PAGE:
Larval feeding in fruits and shoots is the reason for the damage to brinjal crop (16). The larva bores into petioles and midribs of large leaves at the early stage of the plant’s growth (17) and subsequently lead to drooping and withering of the young shoots (18). Feeding activities of the larva is confined to the shoot of the crop at its early stage and it causes wilting and dieback of the branch terminals; this adversely affects the fruity bearing capacity of the host plant (19). Larvae of this pest alone is responsible for 12-16% of damage to shoots (20). At a later stage, when the plant bears flower buds, flowers, and fruits the larva bores into the flower buds and fruits through the calyx without leaving any visible signs of infestation (17). Larval feed creates tunnels inside the fruits and at the same time leaves large exit holes when moving to the next phase of its life cycle, the pupae (19). Larvae while feeding inside the fruit, block their boreholes with frass in order to protect them from natural rivals and frequently applied insecticides (6). This leads to additional infection by certain types of bacteria which further deteriorates the fruits (21) which can adversely affect the market price of the fruit and make it unfit for consumption (22). Larvae may cause fruit damage as high as 95 percent in commercial plantings (23). Further, it reduces up to 80 percent of the content of Vitamin C in brinjal fruit (24).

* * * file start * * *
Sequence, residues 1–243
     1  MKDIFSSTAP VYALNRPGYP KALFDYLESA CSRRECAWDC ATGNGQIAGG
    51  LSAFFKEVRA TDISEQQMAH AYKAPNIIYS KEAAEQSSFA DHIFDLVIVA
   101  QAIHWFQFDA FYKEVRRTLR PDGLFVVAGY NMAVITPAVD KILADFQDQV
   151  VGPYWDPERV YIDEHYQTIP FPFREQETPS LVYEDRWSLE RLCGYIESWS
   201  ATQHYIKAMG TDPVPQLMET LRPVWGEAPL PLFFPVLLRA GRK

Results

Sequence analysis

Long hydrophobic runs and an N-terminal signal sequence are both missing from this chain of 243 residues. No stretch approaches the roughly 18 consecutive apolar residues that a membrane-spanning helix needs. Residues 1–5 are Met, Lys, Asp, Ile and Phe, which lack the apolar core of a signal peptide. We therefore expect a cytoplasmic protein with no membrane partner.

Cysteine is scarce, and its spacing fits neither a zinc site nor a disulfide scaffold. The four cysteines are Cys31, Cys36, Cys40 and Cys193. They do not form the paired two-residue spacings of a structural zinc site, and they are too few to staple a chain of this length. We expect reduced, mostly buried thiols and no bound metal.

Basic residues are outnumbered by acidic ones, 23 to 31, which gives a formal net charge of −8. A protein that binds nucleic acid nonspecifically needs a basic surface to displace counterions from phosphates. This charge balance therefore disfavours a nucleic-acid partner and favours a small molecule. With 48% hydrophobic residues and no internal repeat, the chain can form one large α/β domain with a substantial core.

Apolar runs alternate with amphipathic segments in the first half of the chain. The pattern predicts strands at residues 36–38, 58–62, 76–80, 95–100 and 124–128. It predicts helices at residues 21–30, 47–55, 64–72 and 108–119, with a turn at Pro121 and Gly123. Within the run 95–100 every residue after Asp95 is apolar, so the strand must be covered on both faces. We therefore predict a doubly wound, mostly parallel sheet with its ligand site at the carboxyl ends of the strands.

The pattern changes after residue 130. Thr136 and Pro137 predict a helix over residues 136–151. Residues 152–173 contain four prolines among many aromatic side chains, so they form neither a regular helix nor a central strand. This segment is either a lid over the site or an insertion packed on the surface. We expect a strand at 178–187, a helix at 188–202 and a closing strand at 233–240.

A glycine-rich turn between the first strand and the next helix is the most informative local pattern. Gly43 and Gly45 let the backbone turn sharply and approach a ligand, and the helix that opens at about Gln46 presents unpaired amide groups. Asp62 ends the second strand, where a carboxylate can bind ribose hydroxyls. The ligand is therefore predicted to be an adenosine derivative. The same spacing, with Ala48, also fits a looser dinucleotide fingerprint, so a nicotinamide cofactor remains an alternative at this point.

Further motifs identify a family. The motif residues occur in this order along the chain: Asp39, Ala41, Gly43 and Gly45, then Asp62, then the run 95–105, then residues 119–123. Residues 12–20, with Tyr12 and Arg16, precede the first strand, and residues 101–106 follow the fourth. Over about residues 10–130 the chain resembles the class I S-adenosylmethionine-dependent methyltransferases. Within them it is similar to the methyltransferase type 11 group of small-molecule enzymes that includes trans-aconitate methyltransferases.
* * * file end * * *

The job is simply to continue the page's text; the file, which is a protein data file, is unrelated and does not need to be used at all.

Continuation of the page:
Same as other members of the Pyralidae family, L. orbonalis also goes through four stages of growth: egg, larva, pupa and adult (Figure 1). Egg: A female moth lays the eggs singly or in batches where the number varies from 80-253 (2) during the later part of the night to early part of the morning. It normally lays eggs on shoots, flower buds, near the peduncle of fruits and on the lower surface of leaves. The egg has an incubation period of 3-8 days (25). Larva: The full-grown larvae measure 15 - 18 mm. The larval period is the longest (25) and it lasts 12 - 22 days (2). Larvae pass through 5 larval instars (26). Larval feeding in the fruits and shoots causes damage to the brinjal crop (16). Pupa: The matured larvae come from the infested shoots and fruits for pupate. Then the larvae transform into inactive silken cocoons in plant debris or the dried plant parts which fall to the ground (19). Depending on the temperature pupal period lasts 6 to 17 days (19). Adult: The adult is identified as a small white moth which has brown spots on forewings (2). Moths do not feed on eggplant. Following the emergence young adults are found either on the lower surfaces of the leaves or hidden under the leaves within the plant canopy (19). All major activities from feeding; and mating to finding a place to lay eggs will take place during the night hours (27). It takes 10 to 14 days for an adult to gain full maturity and 22 to 55 days complete the overall life cycle (2).